Are you a green thumb who can’t imagine a dream home without your garden? Did you know that with a few simple tricks and choices, you can create a sustainable garden you can be proud of?
Sustainable gardening methods not only protect the environment, but they’ll also actually lead to the garden which thrives more in its surroundings. Let’s get our hands dirty, and take an in-depth look at creating a sustainable garden for your new home.
What makes a sustainable garden?
Sustainable gardens are all about reducing your impact on the environment and reducing your overall carbon footprint. This includes both what you plant and your ongoing sustainable gardening methods. Some that will make your garden sustainable include:
- Requires less maintenance and resources to survive.
- You recycle materials for your garden, whether you collect rainwater or compost.
- Your garden produces food
- The plants in your garden provide homes and food for wildlife
- You actively take steps to reduce your carbon footprint.
How do I create a sustainable garden?
A good garden is only as good as its foundation. How you prepare your site can be the deciding factor in how your garden turns out for years to come, so let’s have a look at some of the key ways you can improve your site.
Measure garden size
Any house plan or title should have the measurements of your block of land which will help you gauge proportions and reduce some of your measuring. Knowing all this will provide a better idea of what you’re working with and help create a plan and budget. Drawing plans on paper, even if it’s very rough, will help you plan out exactly what you want in your garden and estimate how large it will likely be. This will help you estimate costs and help you determine the types of plants and features you can realistically achieve.
Conduct site analysis
Preparation can make all the difference between a successful sustainable garden and one that struggles. Elements such as your soil, planning and design will make a world of difference.
- Figure out where North is. You can do this with a compass, GPS or map. By knowing where the north is, you’ll be able to determine where the sun rises and sets and knowing the
- Consider where any shading is, and where in your yard receives the most light
- Check your garden soil health
To avoid your garden becoming a mess, having a plan will a huge difference.
The best layout for your garden will depend on what you’re after. Are you looking for garden beds full of flowers and plants to create a great atmosphere or would you prefer a vegetable garden? Perhaps you’re after both? Whether you want exotic plants or fruit trees, garden design serves the purpose of helping your garden take an overall shape.
A landscape designer can help guide you through the process and help you create a more sustainable garden that still captures your vision.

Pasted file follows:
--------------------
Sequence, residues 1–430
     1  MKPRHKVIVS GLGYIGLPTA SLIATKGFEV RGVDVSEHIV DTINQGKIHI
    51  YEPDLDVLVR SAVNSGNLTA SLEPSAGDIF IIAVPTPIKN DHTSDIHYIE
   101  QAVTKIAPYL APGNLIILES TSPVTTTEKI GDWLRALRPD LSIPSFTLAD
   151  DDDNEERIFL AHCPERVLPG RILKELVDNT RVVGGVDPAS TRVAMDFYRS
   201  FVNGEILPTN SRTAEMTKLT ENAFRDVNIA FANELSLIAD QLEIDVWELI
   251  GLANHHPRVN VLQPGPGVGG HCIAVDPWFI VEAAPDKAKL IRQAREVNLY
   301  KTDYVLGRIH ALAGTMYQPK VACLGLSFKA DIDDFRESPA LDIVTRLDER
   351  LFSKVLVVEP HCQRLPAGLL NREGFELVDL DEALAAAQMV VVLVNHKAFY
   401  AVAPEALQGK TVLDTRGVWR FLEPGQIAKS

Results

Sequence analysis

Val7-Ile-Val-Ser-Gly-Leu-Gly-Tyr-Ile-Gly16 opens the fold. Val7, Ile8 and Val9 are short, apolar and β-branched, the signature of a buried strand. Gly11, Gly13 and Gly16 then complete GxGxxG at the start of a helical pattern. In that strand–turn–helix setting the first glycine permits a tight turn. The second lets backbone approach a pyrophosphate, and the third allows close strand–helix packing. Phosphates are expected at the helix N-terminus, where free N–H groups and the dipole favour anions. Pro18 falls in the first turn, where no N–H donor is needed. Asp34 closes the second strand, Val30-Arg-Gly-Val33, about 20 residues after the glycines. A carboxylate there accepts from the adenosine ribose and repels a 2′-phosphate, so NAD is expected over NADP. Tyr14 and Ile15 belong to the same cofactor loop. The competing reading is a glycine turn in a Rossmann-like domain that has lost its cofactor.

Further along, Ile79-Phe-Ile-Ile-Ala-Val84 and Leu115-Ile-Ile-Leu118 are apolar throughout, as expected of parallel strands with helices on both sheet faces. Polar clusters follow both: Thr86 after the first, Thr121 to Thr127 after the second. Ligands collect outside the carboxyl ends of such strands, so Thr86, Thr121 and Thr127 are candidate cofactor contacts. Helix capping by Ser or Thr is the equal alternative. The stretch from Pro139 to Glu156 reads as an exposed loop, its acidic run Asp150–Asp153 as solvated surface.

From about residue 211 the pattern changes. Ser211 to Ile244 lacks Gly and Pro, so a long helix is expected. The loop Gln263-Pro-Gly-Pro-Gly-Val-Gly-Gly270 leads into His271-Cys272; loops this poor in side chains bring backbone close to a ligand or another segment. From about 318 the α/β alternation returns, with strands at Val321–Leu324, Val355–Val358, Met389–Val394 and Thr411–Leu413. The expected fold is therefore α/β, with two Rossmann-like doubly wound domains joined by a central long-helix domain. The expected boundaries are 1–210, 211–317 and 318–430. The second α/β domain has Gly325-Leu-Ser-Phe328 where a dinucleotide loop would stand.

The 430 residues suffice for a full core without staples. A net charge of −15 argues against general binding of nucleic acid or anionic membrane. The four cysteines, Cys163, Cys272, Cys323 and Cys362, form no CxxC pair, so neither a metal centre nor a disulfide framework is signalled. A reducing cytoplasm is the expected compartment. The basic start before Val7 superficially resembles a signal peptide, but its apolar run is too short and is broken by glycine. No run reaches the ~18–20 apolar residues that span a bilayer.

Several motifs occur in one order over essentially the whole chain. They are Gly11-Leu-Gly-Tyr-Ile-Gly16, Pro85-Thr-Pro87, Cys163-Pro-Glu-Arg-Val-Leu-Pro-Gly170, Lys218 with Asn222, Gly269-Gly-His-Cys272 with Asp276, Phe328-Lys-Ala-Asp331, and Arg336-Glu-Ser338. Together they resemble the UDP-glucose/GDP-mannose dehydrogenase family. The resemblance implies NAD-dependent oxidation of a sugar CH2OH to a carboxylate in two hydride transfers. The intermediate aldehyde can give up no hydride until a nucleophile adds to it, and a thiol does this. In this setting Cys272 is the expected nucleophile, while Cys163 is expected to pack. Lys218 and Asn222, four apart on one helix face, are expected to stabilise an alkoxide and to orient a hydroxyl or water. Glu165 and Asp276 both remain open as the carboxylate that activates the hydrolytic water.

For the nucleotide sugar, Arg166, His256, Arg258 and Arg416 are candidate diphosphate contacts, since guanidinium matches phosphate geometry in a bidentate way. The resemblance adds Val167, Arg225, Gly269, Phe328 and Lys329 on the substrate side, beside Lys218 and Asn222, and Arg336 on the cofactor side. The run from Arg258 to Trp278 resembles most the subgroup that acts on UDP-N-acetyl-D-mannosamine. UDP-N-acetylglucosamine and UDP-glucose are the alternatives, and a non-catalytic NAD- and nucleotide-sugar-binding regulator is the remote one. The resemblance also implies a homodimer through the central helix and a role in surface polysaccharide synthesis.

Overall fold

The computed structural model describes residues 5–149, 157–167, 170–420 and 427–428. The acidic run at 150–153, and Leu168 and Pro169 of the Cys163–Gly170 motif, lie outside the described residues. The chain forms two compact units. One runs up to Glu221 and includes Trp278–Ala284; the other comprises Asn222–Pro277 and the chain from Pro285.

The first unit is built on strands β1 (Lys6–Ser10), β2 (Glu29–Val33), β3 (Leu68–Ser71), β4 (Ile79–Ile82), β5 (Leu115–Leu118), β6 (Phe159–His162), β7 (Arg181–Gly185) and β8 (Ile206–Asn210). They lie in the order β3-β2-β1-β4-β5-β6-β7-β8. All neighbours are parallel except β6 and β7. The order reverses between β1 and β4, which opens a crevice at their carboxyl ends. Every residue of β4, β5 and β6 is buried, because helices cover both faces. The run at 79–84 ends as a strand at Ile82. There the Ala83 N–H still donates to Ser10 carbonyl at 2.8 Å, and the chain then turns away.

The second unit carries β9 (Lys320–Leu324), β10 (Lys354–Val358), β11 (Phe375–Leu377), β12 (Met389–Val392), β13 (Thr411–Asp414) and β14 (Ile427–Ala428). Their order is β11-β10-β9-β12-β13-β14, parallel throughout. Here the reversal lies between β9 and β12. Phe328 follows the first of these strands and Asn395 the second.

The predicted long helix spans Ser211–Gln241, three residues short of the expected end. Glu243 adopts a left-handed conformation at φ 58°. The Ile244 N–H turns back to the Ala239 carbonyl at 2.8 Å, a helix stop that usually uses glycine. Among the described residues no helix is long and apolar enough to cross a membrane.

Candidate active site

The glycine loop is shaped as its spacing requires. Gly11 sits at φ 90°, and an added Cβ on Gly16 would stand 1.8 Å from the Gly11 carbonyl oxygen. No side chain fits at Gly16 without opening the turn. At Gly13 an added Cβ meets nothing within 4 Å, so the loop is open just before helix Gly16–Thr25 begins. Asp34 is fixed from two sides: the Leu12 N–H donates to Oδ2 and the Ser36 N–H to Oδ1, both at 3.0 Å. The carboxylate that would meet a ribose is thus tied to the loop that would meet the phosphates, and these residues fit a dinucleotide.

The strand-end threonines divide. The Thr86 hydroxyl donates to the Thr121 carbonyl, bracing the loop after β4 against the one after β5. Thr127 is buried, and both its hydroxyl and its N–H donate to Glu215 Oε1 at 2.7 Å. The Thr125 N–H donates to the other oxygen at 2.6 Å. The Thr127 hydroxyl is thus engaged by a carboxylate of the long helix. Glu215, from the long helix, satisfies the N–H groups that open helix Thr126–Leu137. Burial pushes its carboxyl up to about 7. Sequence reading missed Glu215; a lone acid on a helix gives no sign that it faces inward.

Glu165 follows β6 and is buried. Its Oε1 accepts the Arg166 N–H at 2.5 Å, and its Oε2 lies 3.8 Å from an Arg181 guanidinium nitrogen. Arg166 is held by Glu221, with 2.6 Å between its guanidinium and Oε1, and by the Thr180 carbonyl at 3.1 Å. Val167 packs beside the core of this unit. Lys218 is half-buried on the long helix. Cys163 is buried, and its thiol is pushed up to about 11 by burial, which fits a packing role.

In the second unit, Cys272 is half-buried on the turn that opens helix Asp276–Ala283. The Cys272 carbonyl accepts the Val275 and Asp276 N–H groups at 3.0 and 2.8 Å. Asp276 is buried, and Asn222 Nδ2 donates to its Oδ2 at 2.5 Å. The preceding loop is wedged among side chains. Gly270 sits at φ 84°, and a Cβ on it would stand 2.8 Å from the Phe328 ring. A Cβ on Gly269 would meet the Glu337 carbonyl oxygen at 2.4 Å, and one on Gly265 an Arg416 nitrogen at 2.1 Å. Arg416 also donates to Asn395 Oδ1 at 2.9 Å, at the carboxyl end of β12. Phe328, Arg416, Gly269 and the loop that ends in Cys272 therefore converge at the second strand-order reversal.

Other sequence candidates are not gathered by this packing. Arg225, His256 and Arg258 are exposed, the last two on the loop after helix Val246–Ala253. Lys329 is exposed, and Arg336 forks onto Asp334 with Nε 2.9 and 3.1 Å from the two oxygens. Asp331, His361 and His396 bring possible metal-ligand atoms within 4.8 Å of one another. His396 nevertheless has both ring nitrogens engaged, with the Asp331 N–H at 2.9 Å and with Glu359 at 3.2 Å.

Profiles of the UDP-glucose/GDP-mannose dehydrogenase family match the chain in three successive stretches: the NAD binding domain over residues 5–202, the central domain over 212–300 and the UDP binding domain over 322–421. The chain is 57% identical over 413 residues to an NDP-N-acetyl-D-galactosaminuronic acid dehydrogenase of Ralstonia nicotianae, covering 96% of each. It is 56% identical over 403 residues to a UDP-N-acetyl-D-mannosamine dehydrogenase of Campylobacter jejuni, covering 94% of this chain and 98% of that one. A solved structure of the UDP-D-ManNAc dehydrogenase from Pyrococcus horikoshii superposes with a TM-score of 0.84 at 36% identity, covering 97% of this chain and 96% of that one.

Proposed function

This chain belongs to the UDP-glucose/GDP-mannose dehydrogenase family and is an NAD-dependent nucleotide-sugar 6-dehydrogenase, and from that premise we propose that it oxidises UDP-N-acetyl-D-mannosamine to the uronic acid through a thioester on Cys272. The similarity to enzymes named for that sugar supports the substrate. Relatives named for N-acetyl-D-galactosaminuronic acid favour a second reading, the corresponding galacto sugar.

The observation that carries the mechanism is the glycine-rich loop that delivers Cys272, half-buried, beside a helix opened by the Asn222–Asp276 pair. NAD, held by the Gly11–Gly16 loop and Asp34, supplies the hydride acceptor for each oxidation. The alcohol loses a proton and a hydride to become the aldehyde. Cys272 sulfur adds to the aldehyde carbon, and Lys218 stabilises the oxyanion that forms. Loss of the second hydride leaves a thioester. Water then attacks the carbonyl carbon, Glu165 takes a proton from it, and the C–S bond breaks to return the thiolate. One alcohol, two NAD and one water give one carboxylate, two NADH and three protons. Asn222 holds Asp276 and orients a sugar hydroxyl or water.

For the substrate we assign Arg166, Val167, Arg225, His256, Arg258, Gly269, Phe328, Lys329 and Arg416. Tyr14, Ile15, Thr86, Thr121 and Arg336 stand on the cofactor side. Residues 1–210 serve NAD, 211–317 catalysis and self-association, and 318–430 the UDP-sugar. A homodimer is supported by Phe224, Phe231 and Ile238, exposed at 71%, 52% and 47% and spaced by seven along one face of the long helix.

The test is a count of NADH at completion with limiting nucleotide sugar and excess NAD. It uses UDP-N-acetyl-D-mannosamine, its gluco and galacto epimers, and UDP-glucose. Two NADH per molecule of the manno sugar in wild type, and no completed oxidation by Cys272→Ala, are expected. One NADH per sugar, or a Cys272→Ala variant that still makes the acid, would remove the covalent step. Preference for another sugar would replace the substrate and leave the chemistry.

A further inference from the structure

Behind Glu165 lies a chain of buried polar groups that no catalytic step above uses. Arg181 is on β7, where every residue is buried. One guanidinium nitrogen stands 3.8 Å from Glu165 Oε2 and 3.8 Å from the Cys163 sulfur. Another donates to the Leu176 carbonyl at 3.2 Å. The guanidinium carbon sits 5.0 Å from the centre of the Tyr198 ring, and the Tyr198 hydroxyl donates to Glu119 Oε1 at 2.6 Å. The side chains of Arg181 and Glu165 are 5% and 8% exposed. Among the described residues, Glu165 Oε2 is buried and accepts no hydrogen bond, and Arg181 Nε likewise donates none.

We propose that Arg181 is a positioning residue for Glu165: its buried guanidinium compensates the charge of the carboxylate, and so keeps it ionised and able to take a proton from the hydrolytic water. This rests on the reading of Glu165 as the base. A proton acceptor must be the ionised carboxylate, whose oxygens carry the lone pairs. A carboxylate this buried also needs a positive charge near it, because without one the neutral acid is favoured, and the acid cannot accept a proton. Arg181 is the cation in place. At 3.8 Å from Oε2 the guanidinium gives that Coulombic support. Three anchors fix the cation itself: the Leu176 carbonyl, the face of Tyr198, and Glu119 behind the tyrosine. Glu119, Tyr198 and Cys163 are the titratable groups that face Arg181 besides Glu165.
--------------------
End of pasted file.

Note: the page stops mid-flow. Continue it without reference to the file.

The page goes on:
Preparing the tools you will need
Quality tools are essential for any gardener, from beginner to pro. Some of the essential tools every gardener needs include:
- Pruning Sheers
- Hand trowel
- Garden hose with adjustable nozzle
- Watering can
Consider budget & wants
What do you ultimately want from your garden? Consider this step as your mission statement or brief: the bit where you specify the big details.
Saying you want a garden is like saying you want a house. It’s a starting point, but it’s without further details, it’s a very broad statement. Consider what the main purpose of your garden will be or what you want to get out of it. Are you after a nice area to relax? Do you want somewhere that will attract pollinators and natural wildlife? Perhaps you’re planning a vegetable garden or you have specific plants and flowers in mind.
Unless you’re in a situation where money isn’t a hurdle, it’s in your best interest to plan a budget for your garden. Having a firm idea of how much you’re willing to spend will help you avoid overspending, and you may be surprised how far you can make a dollar go with a little research and savvy.
When it comes to creating a budget for your garden, think about what is essential and what you’d like but could live without. This is where having a list of needs and goals will help you shape a realistic and achievable budget.
The plants you choose can be the difference between a thriving, sustainable garden and one that will struggle to survive. For a sustainable garden, you want plants that are native to your area rather than imports, as these will be more likely to do well. Local council websites often have lists of local plants that are native to the areas.
Choose resilient plants
Indigenous plants have a considerable advantage as they’ve evolved to thrive in your local environment. This makes native plants by far the most sustainable choice for your garden. Another plus is plants that are appropriate for your climate will grow naturally bigger and stronger.
Imported plants or non-native plants will require more resources and effort to keep alive. They also may interfere with the native surroundings by thriving too much (this is basically how weeds and invasive species cause so much havoc). While exotic plants will require a lot of work, native plants need less maintenance and will be more likely to succeed.